WASHINGTON, D.C. (May 29, 2000) — Because the “violation” rate for truck driver alcohol testing stayed under 0.5% two years in a row, the Federal Motor Carrier Safety Administration says carriers can continue to random alcohol test at a reduced 10% rate. However the rate for random controlled substance testing stays at 50%.
Under federal rules, the number of random alcohol tests a carrier administers in a year must equal 25% of eligible drivers. FMCSA has the authority to lower that to 10% if industry data, drawn from carrier reports, indicates a violation rate of less than 0.5% for two consecutive years. Although the violation rate has gone up, it hasn’t exceeded 0.5% since testing began. It was 0.14% in 1995, 0.18% in 1996, 0.2% in 1997 and 0.4% in 1998.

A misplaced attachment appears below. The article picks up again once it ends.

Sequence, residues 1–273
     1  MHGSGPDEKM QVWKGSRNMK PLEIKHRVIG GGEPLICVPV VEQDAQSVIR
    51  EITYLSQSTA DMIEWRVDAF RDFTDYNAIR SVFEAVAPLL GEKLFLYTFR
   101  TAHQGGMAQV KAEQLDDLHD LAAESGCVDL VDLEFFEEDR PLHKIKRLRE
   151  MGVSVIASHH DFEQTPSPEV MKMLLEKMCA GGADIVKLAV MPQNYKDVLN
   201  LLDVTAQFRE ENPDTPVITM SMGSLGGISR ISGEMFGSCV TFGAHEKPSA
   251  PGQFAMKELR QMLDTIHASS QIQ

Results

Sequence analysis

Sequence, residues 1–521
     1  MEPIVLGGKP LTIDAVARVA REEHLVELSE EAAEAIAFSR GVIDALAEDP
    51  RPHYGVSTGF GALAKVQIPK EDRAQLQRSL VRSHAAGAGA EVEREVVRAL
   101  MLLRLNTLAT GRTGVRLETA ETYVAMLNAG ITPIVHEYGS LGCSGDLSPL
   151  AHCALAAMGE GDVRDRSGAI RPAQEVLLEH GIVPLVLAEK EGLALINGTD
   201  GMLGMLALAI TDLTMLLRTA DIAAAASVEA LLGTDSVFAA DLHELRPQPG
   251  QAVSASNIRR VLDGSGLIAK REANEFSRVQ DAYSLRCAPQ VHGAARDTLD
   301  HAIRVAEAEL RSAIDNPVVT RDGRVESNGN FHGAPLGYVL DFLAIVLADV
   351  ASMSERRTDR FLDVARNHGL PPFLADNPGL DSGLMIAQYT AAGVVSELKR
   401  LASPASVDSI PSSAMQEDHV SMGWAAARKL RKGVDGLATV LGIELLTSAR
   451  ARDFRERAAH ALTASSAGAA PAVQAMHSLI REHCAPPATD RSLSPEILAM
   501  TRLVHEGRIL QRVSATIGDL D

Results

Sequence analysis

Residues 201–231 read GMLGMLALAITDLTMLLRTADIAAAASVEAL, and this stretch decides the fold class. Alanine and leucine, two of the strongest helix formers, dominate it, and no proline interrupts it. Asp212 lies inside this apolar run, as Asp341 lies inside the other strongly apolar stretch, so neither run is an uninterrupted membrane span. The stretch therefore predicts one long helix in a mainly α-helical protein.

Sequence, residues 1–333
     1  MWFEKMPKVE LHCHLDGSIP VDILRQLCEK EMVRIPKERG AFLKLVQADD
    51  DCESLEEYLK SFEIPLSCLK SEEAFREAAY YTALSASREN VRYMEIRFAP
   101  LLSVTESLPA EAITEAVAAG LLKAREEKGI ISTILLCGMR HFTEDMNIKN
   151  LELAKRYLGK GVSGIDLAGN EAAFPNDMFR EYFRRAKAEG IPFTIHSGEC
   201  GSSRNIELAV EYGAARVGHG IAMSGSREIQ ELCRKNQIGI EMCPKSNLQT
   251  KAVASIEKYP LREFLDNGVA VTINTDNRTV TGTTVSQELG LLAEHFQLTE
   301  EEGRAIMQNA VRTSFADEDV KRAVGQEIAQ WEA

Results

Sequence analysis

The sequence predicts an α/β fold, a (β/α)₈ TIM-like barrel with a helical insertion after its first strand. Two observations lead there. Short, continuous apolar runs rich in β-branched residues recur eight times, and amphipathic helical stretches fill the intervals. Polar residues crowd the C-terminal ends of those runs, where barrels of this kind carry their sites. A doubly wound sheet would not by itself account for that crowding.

The number of random controlled substance tests given in a year must equal at least 50% of eligible drivers. FMCSA may lower that to 25% if the number of positive tests industry-wide falls below 1.0%. Approximately 2.6% of tests were positive in 1994, 2.8% in 1995, 2.2% in 1996, 1.3% in 1997, and 1.5% in 1998.
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